This was a study of one pass with a convenient bottleneck to enable effective counting. Insects are flooding across the length of the Spanish/French border, and further, some of them keep going across the Mediterranean and take tours of Morocco.

Numerous studies have found a consistent south or southwest bias in migratory insect headings across Europe, suggesting insects from a large geographical area are filtered down into the Iberian Peninsula, passing through the Pyrenees each season. This makes insect migration bottlenecks within the Pyrenees important locations for censusing species and monitoring numbers. We estimate that the total number of insects moving across the Pyrenees mountain range reaches into the tens of billions. This number is of comparable size to those from radar studies across a similar-sized area. Insects are known to cross the Pyrenees not only in the centre where the Pass of Bujaruelo is situated, but also along the coasts. Williams et al. observed some southward movement of butterflies in October along the coast at Argelès-sur-Mer, where the Pyrenees descend to the Mediterranean Sea. Similar southward movements occur along the Atlantic seaboard. To accurately quantify the total number of migratory insects crossing the Pyrenees, extensive deployment of monitoring resources and techniques is needed, including the use of vertical-looking radars.

I’m reading that and thinking that if I were a spider, I’d want to set up a nice web across the Pass of Bujaruelo. Unfortunately, this study didn’t look at spiders. They weren’t migrating, after all, they were just setting up shop in the pass and taking advantage of all the tourists.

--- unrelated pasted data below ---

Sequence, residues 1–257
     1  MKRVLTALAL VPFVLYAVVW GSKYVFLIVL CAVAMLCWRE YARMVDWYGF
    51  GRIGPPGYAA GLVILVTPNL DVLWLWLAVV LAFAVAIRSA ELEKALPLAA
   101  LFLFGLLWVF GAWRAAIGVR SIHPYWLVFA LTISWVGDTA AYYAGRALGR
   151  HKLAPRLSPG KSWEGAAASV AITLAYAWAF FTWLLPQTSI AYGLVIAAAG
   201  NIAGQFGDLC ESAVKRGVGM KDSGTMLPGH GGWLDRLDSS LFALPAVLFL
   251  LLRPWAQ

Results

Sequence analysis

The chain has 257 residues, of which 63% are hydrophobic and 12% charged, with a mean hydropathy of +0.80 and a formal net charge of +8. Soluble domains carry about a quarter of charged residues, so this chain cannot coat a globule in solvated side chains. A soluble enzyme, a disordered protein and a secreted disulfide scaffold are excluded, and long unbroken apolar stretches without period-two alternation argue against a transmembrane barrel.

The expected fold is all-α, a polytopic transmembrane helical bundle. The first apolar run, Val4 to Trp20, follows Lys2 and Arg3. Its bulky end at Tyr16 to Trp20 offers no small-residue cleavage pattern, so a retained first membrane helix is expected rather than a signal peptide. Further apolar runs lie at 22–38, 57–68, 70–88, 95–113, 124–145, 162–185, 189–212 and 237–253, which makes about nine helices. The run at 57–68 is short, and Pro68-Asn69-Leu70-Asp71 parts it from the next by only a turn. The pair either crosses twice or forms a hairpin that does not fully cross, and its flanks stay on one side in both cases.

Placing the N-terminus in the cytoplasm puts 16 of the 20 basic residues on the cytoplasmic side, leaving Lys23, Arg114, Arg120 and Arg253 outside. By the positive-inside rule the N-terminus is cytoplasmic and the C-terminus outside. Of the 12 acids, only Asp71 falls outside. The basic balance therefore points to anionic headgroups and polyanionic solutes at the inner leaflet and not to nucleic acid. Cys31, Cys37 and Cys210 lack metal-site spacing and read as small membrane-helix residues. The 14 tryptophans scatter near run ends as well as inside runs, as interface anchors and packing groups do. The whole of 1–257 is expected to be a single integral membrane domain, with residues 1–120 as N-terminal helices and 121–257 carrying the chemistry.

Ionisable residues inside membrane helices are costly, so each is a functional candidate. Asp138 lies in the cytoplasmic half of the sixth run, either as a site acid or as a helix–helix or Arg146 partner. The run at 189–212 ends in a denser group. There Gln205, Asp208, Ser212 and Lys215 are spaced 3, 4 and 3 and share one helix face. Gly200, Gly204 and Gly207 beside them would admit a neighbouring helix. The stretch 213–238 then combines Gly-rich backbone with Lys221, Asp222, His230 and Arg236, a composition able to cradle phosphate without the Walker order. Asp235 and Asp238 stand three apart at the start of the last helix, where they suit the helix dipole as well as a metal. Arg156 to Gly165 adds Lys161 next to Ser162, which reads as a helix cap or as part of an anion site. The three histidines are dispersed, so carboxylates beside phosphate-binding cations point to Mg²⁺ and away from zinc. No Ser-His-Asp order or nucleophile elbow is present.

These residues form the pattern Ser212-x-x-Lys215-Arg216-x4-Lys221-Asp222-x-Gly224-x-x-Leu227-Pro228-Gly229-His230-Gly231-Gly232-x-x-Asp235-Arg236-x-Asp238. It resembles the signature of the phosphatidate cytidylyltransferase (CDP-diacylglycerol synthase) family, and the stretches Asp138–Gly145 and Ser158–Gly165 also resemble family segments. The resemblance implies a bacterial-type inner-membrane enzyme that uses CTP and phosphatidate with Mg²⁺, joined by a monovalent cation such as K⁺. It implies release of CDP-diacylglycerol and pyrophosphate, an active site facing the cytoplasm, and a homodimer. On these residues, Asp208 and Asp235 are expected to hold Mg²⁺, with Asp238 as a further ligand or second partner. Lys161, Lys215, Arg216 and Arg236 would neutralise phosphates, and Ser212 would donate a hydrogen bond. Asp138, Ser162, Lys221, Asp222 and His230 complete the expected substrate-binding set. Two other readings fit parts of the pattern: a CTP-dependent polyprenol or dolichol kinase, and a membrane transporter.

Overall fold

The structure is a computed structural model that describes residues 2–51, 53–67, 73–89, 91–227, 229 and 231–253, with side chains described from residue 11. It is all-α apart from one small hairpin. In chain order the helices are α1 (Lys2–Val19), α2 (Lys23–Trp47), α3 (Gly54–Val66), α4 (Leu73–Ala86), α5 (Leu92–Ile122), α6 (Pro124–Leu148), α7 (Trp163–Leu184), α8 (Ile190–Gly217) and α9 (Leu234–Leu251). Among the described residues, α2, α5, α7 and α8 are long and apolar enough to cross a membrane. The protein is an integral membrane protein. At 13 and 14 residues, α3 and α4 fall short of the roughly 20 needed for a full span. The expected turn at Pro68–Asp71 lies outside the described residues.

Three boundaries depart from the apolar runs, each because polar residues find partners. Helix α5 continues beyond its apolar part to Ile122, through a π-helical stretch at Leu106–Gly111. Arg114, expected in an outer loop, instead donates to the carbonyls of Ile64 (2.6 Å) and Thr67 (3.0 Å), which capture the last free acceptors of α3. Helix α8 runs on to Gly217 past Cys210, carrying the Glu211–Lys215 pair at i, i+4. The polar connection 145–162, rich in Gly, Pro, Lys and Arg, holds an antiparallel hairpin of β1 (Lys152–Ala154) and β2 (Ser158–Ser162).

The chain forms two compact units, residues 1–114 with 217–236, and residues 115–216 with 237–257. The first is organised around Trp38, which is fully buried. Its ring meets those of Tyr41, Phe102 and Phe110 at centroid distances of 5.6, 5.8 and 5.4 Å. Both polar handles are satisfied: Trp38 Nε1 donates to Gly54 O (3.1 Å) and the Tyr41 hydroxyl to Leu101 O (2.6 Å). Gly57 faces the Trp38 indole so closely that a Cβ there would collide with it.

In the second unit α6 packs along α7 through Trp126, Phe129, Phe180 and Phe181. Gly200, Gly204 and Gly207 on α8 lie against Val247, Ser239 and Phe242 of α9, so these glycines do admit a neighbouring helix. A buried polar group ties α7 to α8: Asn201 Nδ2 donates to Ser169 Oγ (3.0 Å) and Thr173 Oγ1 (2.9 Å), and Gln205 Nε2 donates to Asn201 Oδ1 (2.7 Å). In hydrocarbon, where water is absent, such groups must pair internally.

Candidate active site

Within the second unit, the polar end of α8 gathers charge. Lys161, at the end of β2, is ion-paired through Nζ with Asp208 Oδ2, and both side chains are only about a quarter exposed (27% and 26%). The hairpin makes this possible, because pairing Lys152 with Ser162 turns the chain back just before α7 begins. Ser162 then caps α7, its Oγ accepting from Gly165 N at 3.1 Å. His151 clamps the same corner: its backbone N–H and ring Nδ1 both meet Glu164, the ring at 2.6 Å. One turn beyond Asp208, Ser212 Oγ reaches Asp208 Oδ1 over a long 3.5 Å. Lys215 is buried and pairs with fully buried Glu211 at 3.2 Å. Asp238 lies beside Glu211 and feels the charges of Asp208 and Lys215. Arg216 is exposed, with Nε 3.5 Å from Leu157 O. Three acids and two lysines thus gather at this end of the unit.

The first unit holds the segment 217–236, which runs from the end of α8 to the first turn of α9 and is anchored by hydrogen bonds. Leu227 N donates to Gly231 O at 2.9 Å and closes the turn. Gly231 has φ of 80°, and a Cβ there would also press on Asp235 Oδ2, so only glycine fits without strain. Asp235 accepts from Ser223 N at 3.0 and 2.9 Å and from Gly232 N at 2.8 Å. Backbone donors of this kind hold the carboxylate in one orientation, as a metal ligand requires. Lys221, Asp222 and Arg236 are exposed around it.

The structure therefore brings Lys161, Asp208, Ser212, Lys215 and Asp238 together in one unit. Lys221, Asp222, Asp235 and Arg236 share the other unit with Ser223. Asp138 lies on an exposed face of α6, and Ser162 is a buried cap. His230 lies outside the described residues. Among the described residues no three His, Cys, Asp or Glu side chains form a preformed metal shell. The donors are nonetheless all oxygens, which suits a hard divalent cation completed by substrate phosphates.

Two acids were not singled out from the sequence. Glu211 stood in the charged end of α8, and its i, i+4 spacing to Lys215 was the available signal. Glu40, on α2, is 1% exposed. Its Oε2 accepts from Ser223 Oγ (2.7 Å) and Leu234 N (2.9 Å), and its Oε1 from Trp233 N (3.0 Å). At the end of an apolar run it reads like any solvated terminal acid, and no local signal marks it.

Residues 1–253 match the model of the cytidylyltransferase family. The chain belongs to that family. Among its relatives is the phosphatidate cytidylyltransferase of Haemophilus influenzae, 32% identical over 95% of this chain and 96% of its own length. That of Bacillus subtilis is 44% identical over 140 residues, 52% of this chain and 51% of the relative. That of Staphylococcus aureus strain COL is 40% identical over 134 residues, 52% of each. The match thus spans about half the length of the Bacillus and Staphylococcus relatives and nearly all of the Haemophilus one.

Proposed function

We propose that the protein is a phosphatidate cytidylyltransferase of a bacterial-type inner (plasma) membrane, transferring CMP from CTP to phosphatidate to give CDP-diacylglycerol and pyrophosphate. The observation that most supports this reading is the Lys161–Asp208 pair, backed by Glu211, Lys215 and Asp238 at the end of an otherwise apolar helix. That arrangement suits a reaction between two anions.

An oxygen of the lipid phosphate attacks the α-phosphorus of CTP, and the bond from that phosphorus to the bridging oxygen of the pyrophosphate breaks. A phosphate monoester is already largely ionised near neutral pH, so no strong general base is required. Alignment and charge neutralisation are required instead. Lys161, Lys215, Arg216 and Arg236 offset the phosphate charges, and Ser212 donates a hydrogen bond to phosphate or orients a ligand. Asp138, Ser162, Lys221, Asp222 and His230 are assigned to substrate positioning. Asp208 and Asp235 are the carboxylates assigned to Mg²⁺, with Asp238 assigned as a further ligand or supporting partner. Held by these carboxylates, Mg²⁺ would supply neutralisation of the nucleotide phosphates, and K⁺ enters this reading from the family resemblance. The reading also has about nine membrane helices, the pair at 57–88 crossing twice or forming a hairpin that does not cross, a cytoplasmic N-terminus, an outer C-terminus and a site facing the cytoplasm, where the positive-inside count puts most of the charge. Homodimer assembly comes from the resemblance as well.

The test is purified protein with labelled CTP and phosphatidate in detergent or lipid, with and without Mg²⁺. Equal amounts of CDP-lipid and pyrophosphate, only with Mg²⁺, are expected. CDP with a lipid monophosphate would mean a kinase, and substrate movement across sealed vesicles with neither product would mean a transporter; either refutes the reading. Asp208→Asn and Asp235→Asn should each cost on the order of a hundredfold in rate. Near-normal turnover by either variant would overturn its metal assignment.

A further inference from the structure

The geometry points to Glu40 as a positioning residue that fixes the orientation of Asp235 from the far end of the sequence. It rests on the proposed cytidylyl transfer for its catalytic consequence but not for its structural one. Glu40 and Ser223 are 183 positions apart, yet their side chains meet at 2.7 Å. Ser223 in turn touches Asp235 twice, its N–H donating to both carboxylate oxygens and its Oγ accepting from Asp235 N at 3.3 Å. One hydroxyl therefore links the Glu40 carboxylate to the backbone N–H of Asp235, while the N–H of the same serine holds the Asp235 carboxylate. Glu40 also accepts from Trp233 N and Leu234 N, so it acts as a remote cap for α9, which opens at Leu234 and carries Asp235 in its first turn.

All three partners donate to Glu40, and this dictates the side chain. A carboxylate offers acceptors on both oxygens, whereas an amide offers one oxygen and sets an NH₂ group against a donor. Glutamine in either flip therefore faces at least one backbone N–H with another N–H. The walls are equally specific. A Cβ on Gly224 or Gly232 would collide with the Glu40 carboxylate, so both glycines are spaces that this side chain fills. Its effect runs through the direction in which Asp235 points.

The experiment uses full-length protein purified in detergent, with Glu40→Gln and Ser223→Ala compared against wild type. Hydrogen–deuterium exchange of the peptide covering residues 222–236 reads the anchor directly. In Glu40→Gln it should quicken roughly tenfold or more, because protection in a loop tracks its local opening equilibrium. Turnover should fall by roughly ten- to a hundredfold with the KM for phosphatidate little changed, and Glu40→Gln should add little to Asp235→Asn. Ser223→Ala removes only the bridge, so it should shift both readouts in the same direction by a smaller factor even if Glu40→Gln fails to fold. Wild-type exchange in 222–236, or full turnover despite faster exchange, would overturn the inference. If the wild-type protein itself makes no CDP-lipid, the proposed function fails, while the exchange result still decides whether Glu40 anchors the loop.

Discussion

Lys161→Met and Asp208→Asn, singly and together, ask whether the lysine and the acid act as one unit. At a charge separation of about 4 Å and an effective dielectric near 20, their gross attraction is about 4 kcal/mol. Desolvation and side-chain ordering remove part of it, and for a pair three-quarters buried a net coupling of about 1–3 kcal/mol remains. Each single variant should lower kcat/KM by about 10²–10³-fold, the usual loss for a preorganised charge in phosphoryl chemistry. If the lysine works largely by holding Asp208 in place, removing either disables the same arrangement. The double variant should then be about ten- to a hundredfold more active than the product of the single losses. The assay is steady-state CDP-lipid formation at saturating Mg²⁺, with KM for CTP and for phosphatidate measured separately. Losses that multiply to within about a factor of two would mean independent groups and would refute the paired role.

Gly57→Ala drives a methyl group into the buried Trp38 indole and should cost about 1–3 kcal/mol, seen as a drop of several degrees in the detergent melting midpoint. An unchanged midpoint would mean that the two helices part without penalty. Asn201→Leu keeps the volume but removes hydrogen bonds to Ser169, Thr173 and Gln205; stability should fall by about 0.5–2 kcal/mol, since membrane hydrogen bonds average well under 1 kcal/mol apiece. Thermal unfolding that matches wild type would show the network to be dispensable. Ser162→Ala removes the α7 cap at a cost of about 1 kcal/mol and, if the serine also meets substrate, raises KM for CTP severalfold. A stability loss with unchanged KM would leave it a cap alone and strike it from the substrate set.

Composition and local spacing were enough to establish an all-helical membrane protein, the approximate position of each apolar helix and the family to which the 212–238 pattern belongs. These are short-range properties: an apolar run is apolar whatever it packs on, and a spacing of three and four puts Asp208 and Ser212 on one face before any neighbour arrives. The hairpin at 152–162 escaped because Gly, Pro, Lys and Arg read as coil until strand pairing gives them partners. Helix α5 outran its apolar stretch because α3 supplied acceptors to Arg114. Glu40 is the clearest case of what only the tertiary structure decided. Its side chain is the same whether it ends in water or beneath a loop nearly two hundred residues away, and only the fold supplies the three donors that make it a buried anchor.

1. numerobis says

    Given the recent election results in France, let’s keep this news of billions of insects flooding across the border on the down-low.

  2. raven says

    You didn’t mention the downside to this insect migration.

    The northern insects from France are taking away jobs from Spanish insects.

  3. seachange says

    @pygmoni # 1
    The first link works. I found some of it readable with the assistance of another tab open to search for entomology terms.

    These numbers and the weight seem small to me, there’s zillions of bugs in the world. Perhaps there are other undiscovered passes? Or this pass isn’t so special but it’s the one we notice because geography causes a concentration?

  4. says

    As the last quote says, this is one pass — a convenient bottleneck for sampling. There are lots of ways to cross the Pyrenees if you’re an insect. They also mention the high altitude route that just ignores the mountains.

  5. indianajones says

    errrm at first glance, the maths looks a little bit out at 140 kg? Like 1 million insects at 1 gram each, say, = 1 ton by my necktop computer and you mention 10’s of billions?

    I don’t know what your average insect weighs, but I think someone somewhere has dropped an order of magnitude or 2 or 3.

  6. John Morales says

    indianajones, um, insects’ bodymass is more in milligrams than in grams.

    Factor in around 3 orders of magnitude right there.

  7. imback says

    Cyclists follow the same pattern, doing the Tour de France in July and then the Vuelta a España in late August to September.

Leave a Reply